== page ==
Abstract: Childbearing in the Time of COVID-19: A Cross-Sectional Exploration of the Determinants of Childbearing and Childbearing Intention Among Chinese Hong Kong Adults (Society for Social Work and Research 26th Annual Conference - Social Work Science for Racial, Social, and Political Justice)

Childbearing in the Time of COVID-19: A Cross-Sectional Exploration of the Determinants of Childbearing and Childbearing Intention Among Chinese Hong Kong Adults

Friday, January 14, 2022
Supreme Court, ML 4 (Marriott Marquis Washington, DC)
* noted as presenting author
Georgina Yuen Kiu So, MSc, Research Assistant, The University of Hong Kong, Hong Kong
Celia Hoi-Yan Chan, PhD, Associate Professor, The University of Hong Kong
Background and Purpose: Hong Kong has one of the lowest fertility rates worldwide. Coupled with the decline in overall fertility was a general delay in childbearing, with more women choosing to have children in their mid- to late-thirties. Recently, the low fertility intention may have been further exacerbated by the rise of the COVID-19 pandemic, causing couples to delay or scrape marriage and childbearing plans. Such macro-level sociohistorical event as the COVID-19 pandemic warrants a renewed analysis of the factors that shape people’s childbearing decisions upon which subsequent family policies could be based. The objective of this study is therefore to present an overview of the determinants of childbearing and childbearing intention among Hong Kong adults amid the COVID-19 pandemic.

Methods: This is a cross-sectional study investigating Hong Kong adults’ reproductive intentions, attitudes, knowledge and fertility health risks. All Chinese adults currently residing in Hong Kong were eligible to participate. Participants were recruited through social media platforms and community networks. The final sample size is 675 (mean age = 30, SD = 6.7). Respondents rated on a five-point scale the extent to which a list of determinants were important in childbearing decision-making, and indicted the desire to have children. ANCOVAs were conducted to examine gender and income group differences on the determinants of childbearing; logistic regression was conducted to explore the relation between these determinants and reported childbearing intention.

Results: Overall, women took a wider array of factors into consideration than did men. Whereas the importance of female age on reproductive decisions was acknowledged by both women (p<.001) and men (p=.02), women gave consistently higher ratings across a range of interpersonal (i.e. partner’s education), community (i.e. financial stability, living environment), and systems-level factors (i.e. economic stability, political stability and COVID-19) in relation to childbearing decision-making. There was no important difference between income groups. While controlling for participant demographics, logistic regression analyses revealed that importance of COVID-19 (OR=1.24, p=.02), one’s age (OR=2.03, p<.001), having a stable partner (OR=1.65, p<.001), expectation of family members (OR=1.53, p=.02) and peer parenthood status (OR=1.90, p<.001) were positively associated with the intention to have children, whereas importance of financial stability (OR=.55, p=.02) and political stability (OR=.65, p=.01) were negatively associated with the intention to have children.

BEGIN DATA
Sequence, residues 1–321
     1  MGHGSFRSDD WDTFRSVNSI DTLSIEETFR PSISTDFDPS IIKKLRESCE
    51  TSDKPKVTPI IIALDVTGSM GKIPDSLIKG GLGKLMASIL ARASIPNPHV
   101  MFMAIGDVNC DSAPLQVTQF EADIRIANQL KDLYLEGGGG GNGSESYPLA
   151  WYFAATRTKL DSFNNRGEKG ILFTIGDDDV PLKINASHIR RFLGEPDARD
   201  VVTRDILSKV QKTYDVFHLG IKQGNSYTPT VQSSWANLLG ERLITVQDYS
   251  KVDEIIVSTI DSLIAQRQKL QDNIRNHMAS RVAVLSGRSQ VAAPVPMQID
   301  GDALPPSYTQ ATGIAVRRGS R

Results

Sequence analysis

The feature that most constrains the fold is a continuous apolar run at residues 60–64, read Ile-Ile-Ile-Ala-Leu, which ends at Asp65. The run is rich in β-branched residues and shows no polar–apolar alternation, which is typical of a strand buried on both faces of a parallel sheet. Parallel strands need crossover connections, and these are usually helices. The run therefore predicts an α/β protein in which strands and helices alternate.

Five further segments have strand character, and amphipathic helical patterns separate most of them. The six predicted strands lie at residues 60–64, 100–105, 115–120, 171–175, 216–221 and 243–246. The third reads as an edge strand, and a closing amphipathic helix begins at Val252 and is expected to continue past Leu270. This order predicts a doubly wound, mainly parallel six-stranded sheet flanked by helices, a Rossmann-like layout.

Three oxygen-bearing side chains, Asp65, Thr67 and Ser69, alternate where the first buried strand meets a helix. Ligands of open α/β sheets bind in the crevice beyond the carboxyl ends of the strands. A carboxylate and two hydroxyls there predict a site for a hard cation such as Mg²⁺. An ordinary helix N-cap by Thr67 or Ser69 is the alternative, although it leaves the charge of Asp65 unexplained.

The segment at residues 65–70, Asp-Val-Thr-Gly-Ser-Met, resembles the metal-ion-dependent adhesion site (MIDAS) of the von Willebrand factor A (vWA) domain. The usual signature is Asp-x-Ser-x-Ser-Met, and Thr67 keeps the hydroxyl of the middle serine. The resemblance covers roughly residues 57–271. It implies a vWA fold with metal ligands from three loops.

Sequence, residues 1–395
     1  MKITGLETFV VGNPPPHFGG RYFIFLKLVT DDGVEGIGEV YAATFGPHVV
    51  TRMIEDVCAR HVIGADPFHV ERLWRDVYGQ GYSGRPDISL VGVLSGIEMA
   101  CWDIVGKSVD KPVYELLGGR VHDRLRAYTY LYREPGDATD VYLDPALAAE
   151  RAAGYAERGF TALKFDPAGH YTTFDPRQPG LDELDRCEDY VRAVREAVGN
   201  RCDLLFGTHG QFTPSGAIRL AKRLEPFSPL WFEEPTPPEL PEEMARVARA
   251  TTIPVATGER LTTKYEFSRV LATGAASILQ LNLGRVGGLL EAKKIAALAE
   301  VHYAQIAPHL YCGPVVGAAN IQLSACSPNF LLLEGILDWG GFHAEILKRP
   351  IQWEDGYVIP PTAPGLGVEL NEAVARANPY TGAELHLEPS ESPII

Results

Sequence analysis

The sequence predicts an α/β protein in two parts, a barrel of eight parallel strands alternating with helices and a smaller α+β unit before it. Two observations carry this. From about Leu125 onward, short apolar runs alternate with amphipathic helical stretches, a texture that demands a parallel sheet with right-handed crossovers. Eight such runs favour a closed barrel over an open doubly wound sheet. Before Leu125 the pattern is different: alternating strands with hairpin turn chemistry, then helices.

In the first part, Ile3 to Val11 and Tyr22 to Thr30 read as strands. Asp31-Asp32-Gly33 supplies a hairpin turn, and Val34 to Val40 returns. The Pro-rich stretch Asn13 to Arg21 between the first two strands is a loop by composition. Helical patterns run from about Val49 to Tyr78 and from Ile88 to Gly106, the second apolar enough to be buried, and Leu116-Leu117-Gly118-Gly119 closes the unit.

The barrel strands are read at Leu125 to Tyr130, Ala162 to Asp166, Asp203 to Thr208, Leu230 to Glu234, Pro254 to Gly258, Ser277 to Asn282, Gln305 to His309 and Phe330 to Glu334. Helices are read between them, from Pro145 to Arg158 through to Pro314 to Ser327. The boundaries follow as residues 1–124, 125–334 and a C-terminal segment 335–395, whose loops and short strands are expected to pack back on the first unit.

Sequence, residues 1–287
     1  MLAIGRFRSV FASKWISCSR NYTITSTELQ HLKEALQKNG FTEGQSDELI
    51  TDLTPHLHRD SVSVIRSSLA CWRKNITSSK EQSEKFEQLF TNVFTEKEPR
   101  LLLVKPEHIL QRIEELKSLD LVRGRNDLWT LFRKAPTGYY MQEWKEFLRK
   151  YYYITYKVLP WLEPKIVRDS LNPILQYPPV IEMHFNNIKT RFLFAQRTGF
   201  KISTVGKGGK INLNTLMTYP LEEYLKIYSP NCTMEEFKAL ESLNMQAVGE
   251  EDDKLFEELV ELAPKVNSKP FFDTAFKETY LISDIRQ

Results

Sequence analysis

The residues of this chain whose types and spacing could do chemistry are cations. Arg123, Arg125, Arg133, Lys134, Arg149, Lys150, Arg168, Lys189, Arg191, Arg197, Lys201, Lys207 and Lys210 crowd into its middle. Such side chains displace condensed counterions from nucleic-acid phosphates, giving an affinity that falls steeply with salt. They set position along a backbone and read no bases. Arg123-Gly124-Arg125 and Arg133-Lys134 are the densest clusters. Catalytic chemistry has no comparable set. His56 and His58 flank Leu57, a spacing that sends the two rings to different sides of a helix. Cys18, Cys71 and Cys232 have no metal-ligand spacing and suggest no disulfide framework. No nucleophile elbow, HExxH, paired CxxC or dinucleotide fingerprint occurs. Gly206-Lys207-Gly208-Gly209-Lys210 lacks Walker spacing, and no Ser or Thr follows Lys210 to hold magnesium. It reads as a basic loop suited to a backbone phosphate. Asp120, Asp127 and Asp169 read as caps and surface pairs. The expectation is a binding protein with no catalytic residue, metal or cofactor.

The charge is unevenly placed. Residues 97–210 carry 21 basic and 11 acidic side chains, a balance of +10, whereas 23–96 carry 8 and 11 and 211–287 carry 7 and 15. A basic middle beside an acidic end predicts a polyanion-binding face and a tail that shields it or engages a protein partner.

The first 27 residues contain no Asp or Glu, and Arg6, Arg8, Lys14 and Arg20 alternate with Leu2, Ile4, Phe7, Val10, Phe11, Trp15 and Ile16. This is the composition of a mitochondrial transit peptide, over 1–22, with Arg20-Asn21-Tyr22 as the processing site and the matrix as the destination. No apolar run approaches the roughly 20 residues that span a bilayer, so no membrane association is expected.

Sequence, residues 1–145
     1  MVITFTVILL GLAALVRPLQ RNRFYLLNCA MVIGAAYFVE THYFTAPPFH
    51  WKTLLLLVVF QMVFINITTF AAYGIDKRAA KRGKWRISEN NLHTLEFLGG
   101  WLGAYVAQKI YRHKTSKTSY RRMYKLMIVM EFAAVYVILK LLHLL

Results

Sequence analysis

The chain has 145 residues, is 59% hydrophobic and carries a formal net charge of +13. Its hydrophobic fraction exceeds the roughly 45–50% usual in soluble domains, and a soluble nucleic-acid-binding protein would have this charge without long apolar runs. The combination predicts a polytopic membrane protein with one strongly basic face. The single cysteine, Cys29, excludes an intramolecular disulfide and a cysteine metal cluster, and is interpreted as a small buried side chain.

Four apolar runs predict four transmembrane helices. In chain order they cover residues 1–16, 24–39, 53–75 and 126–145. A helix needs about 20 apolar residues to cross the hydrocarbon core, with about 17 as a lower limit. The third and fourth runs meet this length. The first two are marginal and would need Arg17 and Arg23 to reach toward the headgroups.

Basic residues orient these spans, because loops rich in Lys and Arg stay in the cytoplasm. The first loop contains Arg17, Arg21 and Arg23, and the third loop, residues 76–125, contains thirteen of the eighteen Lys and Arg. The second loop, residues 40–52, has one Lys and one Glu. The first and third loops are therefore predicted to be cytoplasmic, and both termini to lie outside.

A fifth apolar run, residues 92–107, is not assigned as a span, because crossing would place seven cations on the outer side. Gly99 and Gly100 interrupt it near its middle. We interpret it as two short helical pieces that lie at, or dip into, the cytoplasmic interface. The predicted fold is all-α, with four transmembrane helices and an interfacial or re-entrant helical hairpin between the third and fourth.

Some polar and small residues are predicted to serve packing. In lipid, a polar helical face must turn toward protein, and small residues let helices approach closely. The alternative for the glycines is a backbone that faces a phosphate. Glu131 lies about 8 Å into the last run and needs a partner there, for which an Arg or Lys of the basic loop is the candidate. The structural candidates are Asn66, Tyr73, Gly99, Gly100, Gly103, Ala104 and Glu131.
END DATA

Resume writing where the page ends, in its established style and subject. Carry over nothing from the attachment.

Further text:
Conclusions and Implications: Consistent with an ecological perspective of parenthood, the present findings describe an interplay of intrapersonal, interpersonal, community and systems factors in the shaping of a person’s reproductive intentions. Our findings encourage researchers and policymakers to be deliberate in tackling the fundamental issues that deter people from having children, including work-family conflict, high costs of living, unaffordable housing and at this juncture, the COVID-19 pandemic. It is imperative that, through effective family policies, individuals find parenthood compatible with the ordinary way of living in face of important sociohistorical transitions. Our findings are also useful for clinicians working to assist couples and individuals in making parenthood decisions by shedding light on the preconditions for parenthood and the gender differences that exist herein.